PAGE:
"These prints are the landscapes that I imagine exist in the back of my somewhat more austere wall pieces," Walker has said of her portfolio of fifteen monumental prints—one of the artist's first direct engagements with the type of historical material that informs her work overall. Walker's art typically incorporates cut-paper silhouettes, based on a form popular in the nineteenth century, which she installs directly on white gallery walls. For this print portfolio, Walker layered her silhouettes over illustrations she reproduced from Harper's Pictorial History of the Civil War (1866), a compendium based on materials from Harper’s Weekly, the most widely read periodical of the Civil War era. These illustrations, which provide insight into the racial injustices of the period, emphasize Walker’s overall objective: to investigate race, gender, sexuality, and oppression in the antebellum South and American Civil War period and to examine the role they play in the stereotypes of today.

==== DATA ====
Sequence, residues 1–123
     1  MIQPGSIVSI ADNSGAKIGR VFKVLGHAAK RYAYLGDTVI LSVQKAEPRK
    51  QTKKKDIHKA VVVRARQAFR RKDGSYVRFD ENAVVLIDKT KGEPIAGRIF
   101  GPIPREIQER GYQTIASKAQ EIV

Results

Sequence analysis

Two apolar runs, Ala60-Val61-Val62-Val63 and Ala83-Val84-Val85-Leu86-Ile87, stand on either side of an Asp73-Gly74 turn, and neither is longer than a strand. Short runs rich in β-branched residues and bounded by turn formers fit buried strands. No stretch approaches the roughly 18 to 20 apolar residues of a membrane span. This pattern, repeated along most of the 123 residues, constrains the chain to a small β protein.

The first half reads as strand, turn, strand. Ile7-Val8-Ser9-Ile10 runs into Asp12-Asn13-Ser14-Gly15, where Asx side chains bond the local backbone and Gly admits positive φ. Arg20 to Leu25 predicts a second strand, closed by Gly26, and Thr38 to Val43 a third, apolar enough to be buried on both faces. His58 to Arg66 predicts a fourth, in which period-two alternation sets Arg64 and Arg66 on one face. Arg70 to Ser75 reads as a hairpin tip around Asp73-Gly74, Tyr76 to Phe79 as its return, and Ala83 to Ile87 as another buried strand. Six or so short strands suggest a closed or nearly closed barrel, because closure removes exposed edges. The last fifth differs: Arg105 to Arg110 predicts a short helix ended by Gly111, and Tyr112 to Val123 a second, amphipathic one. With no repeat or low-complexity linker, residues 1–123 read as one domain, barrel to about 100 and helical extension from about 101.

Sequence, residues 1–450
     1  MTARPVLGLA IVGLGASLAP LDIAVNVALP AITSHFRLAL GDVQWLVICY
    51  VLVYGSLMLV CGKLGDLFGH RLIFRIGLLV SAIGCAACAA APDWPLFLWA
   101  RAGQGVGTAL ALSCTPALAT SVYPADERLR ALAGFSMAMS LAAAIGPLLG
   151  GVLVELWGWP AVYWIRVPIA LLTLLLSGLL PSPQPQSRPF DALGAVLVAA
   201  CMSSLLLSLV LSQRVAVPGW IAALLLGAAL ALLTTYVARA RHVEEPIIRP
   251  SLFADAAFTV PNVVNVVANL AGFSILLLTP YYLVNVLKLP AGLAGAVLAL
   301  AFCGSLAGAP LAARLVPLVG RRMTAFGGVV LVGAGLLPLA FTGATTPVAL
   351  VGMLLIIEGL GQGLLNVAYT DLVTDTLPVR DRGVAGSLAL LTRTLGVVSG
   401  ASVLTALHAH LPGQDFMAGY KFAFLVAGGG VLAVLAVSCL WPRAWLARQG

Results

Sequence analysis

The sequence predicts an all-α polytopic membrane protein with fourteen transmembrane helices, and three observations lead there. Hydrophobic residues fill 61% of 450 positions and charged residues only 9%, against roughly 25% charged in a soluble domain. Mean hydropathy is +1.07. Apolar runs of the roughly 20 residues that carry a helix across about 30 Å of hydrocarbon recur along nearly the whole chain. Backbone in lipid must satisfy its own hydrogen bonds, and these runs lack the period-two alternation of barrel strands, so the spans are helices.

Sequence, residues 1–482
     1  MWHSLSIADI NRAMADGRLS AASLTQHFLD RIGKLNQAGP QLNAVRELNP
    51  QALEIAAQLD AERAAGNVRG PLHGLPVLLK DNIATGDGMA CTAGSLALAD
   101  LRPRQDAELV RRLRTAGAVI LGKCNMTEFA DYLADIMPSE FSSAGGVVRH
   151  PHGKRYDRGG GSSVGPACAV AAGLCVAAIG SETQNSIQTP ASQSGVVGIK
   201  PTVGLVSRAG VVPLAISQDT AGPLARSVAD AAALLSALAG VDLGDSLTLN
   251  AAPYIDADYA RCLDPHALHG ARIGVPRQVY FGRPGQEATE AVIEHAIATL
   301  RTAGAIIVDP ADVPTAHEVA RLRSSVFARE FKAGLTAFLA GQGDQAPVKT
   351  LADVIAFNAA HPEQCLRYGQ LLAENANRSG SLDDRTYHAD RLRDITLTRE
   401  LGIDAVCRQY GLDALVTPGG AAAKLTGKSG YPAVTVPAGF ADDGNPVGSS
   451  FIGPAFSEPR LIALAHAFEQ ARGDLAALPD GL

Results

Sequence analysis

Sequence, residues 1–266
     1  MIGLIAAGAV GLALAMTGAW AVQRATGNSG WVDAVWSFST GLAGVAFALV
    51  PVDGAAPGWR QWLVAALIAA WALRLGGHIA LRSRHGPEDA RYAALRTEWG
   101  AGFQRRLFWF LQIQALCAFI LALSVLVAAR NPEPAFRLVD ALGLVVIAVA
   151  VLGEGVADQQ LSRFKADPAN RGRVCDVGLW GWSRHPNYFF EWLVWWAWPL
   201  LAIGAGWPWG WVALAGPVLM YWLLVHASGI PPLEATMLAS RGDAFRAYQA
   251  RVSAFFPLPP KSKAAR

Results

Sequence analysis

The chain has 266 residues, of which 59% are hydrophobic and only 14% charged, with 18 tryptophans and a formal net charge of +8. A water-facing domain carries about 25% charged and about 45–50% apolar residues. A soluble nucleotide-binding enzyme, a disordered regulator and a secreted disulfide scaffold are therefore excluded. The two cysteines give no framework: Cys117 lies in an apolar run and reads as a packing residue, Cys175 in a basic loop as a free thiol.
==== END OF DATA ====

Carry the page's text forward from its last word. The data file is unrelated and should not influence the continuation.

In each print Walker sets up a dialogue between new and old imagery, masking certain details and bringing others into focus and expanding the narrative beyond the conventional telling of history. In this example her use of positive and negative space (a silhouette within a silhouette) spotlights an African American boy who is loading a caravan of white civilians ordered to evacuate following Confederate Army losses in Atlanta.
Publication excerpt from The Museum of Modern Art, MoMA Highlights since 1980, New York: The Museum of Modern Art, 2007, p. 257.